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How to proof problem set 1 question 1D-10: Show that g(h) = [f(a + h) − f(a)]/h has a removable discontinuity at h = 0 and that f'(a) exists.

OCW Scholar - Single Variable Calculus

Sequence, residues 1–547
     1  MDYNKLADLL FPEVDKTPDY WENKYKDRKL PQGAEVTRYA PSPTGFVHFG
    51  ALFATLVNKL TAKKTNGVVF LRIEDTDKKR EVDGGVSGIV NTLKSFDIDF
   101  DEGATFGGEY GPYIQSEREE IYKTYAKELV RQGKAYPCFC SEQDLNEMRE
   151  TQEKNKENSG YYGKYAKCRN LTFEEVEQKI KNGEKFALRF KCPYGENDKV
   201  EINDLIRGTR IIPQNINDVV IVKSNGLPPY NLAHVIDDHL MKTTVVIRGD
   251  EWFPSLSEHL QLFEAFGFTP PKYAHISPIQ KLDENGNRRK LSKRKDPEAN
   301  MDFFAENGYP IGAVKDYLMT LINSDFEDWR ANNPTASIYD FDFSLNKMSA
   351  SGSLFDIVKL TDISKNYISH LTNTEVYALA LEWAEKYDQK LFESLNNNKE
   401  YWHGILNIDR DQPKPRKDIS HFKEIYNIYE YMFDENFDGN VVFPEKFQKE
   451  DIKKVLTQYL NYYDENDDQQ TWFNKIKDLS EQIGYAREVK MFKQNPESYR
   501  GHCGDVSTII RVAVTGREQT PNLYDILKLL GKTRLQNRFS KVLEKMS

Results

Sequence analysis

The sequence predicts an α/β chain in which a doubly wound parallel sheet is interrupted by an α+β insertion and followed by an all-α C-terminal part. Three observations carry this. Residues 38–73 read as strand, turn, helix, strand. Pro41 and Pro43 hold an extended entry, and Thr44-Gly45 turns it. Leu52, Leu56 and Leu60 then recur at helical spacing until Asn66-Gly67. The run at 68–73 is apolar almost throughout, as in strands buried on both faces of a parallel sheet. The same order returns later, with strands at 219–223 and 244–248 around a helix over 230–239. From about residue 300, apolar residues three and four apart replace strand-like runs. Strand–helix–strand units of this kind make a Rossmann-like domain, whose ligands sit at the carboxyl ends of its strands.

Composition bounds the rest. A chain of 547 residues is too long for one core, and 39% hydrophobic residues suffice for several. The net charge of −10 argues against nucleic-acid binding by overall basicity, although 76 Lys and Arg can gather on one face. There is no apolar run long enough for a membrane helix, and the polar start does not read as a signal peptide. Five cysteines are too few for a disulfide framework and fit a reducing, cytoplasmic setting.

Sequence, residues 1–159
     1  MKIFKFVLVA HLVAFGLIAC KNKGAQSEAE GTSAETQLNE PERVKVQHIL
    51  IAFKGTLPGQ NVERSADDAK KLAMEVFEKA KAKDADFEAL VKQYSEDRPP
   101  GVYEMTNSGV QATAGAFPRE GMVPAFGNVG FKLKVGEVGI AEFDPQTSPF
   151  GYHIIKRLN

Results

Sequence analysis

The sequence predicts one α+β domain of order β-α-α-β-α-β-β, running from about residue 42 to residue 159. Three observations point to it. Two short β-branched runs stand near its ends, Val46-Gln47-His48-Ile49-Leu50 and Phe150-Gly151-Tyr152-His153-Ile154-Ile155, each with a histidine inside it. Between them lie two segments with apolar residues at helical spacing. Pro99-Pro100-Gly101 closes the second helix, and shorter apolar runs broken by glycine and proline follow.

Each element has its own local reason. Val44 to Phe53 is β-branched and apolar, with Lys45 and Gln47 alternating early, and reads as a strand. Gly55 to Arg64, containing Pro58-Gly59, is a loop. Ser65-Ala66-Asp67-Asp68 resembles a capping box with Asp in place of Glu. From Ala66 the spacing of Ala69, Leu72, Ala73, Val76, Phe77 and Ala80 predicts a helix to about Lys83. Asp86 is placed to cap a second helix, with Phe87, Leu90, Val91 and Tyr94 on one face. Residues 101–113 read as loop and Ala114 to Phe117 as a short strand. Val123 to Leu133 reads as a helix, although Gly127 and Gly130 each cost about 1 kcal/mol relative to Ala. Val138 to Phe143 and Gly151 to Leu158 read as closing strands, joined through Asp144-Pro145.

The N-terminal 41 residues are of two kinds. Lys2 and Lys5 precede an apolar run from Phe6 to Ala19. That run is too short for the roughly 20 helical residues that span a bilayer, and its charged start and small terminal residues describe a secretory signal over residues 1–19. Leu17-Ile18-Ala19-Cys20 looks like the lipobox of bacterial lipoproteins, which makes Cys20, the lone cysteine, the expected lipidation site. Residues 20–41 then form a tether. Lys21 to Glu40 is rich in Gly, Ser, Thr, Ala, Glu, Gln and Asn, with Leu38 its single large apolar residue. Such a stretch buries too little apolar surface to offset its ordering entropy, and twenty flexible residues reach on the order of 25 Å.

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The key word is "removable". Let's do this. The function g(h) is discontinuous when h = 0. The limit of g(h) when h goes to zero is f'(a). For the right arrow: We know that the function has a removable discontinuity at h = 0. By the definition of removable discontinuity, the limits when h approaches zero from the left and from the right are the same. That is also the definition of a differentiable function with the formula g(h), and that proves the right arrow. For the left arrow: If f'(a) exists, we know that the limit of g(h) when h goes to 0 from the left is the same as the limit of g(h) when h goes to 0 from the right. That's the definition of differentiability: the right and left limits of f'(a) = lim h->0 g(h) are the same. We also know that g(h) is discontinuous when h = 0, but because its limits from the left and from the right when h approaches zero are the same, we know that the discontinuity is removable. This proves the left arrow.

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